Most shrub fruits (e.g. brambles, elderberry, blueberry, currants) are grown in rows spaced tightly (8-15 feet) to maximize yield while permitting access by mechanical harvesters. While these “alleys” receive plenty of light, their narrow width prevents efficient cultivation of most crops. Consequently, most farmers resort to a simple grass-clover groundcover, which provides neither revenue nor substantial ecological benefits to the farm.
At Saturn Farms, we also started with grass-clover alleys but have since realized the inefficiency in this approach. We want to explore several perennial alley alternatives that could improve farm profitability and sustainability while maintaining the management/harvest efficiency of the berries: asparagus, rhubarb, and native prairie (for seed). These are ideal alley crop candidates because their harvest seasons are complementary to most shrub fruits, and they can easily rebound after being driven over by a tractor/harvester.
We plan to (1) establish pilot plots of the three alternatives within currant alleys on our farm, (2) assess the impact of alley crops on currant growth, yield, disease incidence, and weed pressure, (3) evaluate alley crops for compatibility with the currant machine harvester (see attached Design Diagram), and (4) share findings through field days, video, results bulletin, online seminars, and social media.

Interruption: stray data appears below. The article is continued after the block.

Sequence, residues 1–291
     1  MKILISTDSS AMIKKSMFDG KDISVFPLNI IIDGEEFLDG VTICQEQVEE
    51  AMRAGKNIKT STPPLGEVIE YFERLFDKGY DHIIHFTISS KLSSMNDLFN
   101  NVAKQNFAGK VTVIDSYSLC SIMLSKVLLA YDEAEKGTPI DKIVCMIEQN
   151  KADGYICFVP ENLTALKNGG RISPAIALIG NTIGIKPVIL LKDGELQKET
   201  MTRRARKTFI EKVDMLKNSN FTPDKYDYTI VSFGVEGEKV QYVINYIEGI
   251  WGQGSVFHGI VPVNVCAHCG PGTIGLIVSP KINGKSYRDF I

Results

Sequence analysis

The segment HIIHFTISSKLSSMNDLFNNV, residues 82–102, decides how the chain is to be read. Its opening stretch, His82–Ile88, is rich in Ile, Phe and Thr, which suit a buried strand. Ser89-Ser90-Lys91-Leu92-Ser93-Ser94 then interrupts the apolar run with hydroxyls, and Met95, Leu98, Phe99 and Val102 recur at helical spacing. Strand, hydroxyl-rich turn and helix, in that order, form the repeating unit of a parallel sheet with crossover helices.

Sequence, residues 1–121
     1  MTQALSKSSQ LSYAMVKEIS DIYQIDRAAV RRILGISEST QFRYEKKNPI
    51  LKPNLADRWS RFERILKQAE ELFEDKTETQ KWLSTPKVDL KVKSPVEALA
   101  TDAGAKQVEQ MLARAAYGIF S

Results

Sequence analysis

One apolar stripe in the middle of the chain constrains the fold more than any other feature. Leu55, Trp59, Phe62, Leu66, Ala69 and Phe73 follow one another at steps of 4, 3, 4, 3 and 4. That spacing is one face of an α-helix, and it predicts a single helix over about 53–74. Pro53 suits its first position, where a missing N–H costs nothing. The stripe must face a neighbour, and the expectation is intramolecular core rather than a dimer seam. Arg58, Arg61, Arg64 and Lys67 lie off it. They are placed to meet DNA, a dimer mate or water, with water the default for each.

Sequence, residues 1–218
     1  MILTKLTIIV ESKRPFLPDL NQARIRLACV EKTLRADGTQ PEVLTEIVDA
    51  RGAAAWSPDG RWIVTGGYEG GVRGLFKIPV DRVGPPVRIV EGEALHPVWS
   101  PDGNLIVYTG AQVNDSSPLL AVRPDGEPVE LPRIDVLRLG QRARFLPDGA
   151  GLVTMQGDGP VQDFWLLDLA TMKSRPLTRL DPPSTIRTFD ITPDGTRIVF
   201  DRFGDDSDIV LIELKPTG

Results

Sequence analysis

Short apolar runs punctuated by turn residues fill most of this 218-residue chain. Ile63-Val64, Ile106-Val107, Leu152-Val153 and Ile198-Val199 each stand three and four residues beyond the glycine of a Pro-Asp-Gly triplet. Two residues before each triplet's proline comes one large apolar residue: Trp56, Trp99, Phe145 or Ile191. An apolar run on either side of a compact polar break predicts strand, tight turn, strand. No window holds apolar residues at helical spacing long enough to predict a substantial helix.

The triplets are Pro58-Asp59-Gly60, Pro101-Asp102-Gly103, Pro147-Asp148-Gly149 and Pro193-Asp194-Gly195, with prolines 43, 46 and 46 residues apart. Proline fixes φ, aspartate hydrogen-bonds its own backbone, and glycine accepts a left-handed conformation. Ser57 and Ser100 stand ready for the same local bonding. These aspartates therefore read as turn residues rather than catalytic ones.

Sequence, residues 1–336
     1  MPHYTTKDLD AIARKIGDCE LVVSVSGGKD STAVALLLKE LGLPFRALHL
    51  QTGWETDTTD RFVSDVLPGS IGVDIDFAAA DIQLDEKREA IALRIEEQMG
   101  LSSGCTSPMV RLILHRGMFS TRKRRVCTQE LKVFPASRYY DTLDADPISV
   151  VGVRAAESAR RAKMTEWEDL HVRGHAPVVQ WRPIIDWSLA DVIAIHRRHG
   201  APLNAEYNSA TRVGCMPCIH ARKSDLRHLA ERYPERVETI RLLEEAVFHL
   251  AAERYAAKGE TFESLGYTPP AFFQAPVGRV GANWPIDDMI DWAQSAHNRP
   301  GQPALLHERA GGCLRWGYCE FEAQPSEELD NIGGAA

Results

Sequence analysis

Project objectives from proposal:
1) Establish pilot plots of three perennial crops alternatives for potential use in machine-harvested berry crop alleys on our farm.
2) Assess the impact of alley crops on berry crop growth, yield, disease incidence, and weed pressure.
3) Evaluate the perennial crops for compatibility with the currant machine harvester (see attached Design Diagram).
4) Share findings through field days, video, a results bulletin, online seminar series, websites, and social media.